Although I now live out in the wilds of central Essex I was actually born in Walthamstow in 1965. After initially living in Leyton we moved out to Redbridge where I spent the next 23 years.
Redbridge, East London and the City (where I’ve worked for almost 30 years) are almost unrecognisable from the areas I grew and visited up during the 1970s, many of the areas I used to know having disappeared under endless tarmac. So much so that a few weeks back I actually got lost between Charlie Brown’s roundabout and Waterworks corner on a rare visit back to the area!
Looking at some of the photographs already on the site I realise that the area has changed more in the last 25 years than the 40+ years between when the photos were taken and I first knew them; and not necessarily for the better.
However, modern technology means that more and more archive material, such as this site, is now available to us.
You'll enjoy this old pic of the cafe at Charlie Brown's then
I remember Charlie Browns roundabout with the carousel ontop of a pole outside the pub. The transport cafe also used to double as a motorbike hangout in the evenings. Living in Walthamstow close to the market I certainly knew Colebrook Road with the Carlton cinema on the corner. This eventually became a Tesco supermarket prior to demolition due to the new Selborne Walk Centre. I wrote a series of 'Memory' artiicles about Walthamstow on my website which can be found at http://micksmuses.com/2010/10/15/walthamstow-memories/ Links to the other Walthstow articles can be found in the left column of the screen.
I know what you mean about not recognising parts of the old East End mate.....I used to live in Colebrook Road E.17, just off the High Street in a lovely little 2 up 2 down Victorian house. It was demolished and replaced by the Selborne Walk Shopping Centre .....Where our old place once stood is now a building society within the mall!..... Walthamstow market was once a wonderful place but now it's just not got the old magic.
Bryant & May's match factory in Fairfield Road, Bow looking towards Stratford, now known as the Bow Quarter. A heavily industrialised background mixed with terraced residential property is quite visible.
Bryant & May was also the site of one of the first successful industrial strikes in 1888 by female workers over working conditions many who suffered from the disease phossy jaw caused by working with white phosphorus.
Now converted into apartments, the factory is one of the few surviving features in this photo, apart from the railway line into Liverpool Street. Those that survived the war didn't survive the urban planners. The area to the northeast was swept away by the Blackwall tunnel approach in the 1970s, the A12 extension in the 1990s and now the Olympic stadium complex. Even many of the 1930s industrial buildings constructed after this photo was taken are now long gone.
The very office I am sitting in as I type this is built near the bottom of this photo in what was then the north dock. It is very different today with only about a fifth at most of the dock remaining. Th rest of the dock has been filled in over the last 20 years and built on, most recently by the cross rail development.
Eastern Avenue Cranbrook?.....This has to be between Leytonstone and Gants Hill doesn't it?
This picture was taken from near the present day Redbridge Station looking east. The road in the foreground running from left to right is The Drive with the large square being the Port of London Authority recreation ground. The road on the left of the picture is Redbridge Lane East.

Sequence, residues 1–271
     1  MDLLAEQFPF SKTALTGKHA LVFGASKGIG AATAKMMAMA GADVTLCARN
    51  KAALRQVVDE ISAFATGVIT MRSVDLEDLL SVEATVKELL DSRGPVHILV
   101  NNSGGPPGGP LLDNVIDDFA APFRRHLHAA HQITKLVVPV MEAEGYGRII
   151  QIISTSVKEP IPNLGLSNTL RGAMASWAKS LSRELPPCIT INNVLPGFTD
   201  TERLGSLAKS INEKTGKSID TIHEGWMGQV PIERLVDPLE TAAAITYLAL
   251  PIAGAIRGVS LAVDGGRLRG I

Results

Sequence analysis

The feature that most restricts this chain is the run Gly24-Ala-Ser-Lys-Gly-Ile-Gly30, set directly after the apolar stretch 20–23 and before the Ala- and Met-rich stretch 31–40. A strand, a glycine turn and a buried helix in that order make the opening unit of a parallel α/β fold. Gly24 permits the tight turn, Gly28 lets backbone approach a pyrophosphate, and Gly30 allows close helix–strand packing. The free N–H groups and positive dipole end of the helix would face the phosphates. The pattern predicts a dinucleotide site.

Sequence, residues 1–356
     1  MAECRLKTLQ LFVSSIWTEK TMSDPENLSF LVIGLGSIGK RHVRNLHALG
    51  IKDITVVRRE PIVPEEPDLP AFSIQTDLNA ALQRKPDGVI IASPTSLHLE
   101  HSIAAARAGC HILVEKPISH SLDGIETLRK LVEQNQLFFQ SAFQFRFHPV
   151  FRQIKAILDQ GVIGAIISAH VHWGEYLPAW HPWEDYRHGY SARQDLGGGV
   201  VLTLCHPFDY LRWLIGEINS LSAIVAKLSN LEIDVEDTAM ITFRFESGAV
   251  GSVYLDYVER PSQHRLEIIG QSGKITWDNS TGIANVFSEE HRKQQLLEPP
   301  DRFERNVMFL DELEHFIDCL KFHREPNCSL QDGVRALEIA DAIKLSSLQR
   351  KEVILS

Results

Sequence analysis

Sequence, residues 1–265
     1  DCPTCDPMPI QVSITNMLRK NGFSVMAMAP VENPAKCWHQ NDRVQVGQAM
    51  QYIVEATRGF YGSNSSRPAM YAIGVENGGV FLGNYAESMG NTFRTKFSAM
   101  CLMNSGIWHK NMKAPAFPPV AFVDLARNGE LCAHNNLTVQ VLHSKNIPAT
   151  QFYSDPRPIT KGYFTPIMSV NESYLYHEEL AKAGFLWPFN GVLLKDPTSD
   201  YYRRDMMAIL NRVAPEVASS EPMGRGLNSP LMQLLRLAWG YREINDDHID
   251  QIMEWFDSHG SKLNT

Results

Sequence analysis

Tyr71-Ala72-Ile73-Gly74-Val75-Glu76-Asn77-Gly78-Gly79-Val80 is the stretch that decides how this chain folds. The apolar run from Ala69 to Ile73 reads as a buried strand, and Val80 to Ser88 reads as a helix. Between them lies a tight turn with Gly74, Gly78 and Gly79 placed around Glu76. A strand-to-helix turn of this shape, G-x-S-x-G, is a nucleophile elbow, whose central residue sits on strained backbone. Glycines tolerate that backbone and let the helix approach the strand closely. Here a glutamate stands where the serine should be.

The house that I grew up in is one of the light streaks on the left of this photo. Not sure if this is of any assistance but the main feature in shot is ‘Eastern Avenue’ running roughly diagonal across the frame with ‘The Drive’ to Ilford being the road running roughly horizontal. Gants Hill is at one end just above the centre with northern part of Cranbrook Road leading off northwards to what will become Barkingside. At the other end of the photo, the site of what was to become Redbridge Roundabout would be just beyond where the Eastern Avenue runs out of frame on the left.
Although born in Dulwich in 1946, I lived most my life from 5 years old in East London. Firstly Leyton and then Walthamstow. I was a telegram boy on a bicycle at Poplar and then on a motorbike at Forest Gate. I eventually became a firefighter based at Plaistow and knew East London like the back of my hand.
Hello Historian.....were you based opposite the Princess Alice when you were on the motorbikes?
Valentines Park 84 years ago....Spent many happy summers here as a kid...especially in the freezing cold swimming pool.
The cafe is clearly visible in this pic. It was still there last time I visited 3 years ago.
I was born opposite Wanstead Flats in 1949 and lived in Manor Park from then until 1967 before moving to Essex for 4 years...then returned to London and had spells in Streatham, West Norwood, East Ham, Walthamstow and Dagenham until 2004.......now living by the sea in Essex.
I yearn for the old days badly...like most here I expect.
In case anyone is wondering, the profile pic of this group is an aerial view of the Royal Docks looking east, London, September 1934
I lived in Whitechapel, Mile End and Bow from 1950 - 1997, when I moved to Suffolk. I went to the two Sunday markets most weekends from the end of the 50s to the mid 60s, when something else came up - can't remember what...
I can see the Town Hall and the Denmark Arms diagonally opposite but I think the old Co-Op wasn't built until 3 years after this pic was taken.
I only created this group once but it's duplicated itself!
I know the site's having teething problems......I hope it gets sorted.
This is the right group to join....the one with comments.